Development and optimization of hardware for delta relaxation enhanced MRI.
Magnetic resonance in medicine : official journal of the Society of Magnetic Resonance in Medicine / Society of Magnetic Resonance in Medicine
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PURPOSE: Delta relaxation enhanced magnetic resonance (dreMR) imaging requires an auxiliary B0 electromagnet capable of shifting the main magnetic field within a clinical 1.5 Tesla (T) MR system. In this work, the main causes of interaction between an actively shielded, insertable resistive B0 electromagnet and a 1.5T superconducting system are systematically identified and mitigated.
METHODS: The effects of nonideal fabrication of the field-shifting magnet are taken into consideration through careful measurement during winding and improved accuracy in the design of the associated active shield. The shielding performance of the resultant electromagnet is compared against a previously built system in which the shield design was based on an ideal primary coil model. Hardware and software approaches implemented to eliminate residual image artifacts are presented in detail.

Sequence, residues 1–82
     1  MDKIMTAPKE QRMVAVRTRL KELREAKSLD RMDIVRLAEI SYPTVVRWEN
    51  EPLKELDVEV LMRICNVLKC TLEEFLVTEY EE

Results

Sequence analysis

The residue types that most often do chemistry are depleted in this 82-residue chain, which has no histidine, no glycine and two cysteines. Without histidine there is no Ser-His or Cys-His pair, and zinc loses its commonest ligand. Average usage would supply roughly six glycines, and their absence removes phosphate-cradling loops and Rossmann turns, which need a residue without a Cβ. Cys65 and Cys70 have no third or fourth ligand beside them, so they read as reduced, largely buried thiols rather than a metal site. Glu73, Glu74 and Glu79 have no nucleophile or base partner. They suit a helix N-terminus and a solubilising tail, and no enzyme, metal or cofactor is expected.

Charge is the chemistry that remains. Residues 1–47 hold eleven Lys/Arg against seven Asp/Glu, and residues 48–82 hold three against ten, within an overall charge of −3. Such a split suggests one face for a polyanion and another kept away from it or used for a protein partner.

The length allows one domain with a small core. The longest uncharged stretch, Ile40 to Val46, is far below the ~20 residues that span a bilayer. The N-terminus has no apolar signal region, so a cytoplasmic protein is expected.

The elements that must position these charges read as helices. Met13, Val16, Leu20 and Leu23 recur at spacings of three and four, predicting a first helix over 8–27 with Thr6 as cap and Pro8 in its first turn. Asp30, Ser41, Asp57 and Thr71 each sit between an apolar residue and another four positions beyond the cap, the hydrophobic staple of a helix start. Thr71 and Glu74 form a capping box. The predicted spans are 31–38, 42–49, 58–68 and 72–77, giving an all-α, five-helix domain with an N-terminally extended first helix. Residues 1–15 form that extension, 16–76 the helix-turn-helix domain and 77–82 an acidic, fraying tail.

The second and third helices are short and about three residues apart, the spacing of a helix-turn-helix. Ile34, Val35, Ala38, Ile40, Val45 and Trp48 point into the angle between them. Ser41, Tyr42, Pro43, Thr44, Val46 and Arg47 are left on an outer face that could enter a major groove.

RESULTS: The eddy currents produced by the newly constructed dreMR system are shown to have a significantly smaller "long-time-constant" component, consistent with the hypothesis that less energy is deposited into the cryostat of the MR system.
CONCLUSION: With active compensation, the dreMR imaging system is capable of 0.22T field shifts within a clinical 1.5T MRI with no significant residual eddy-current fields.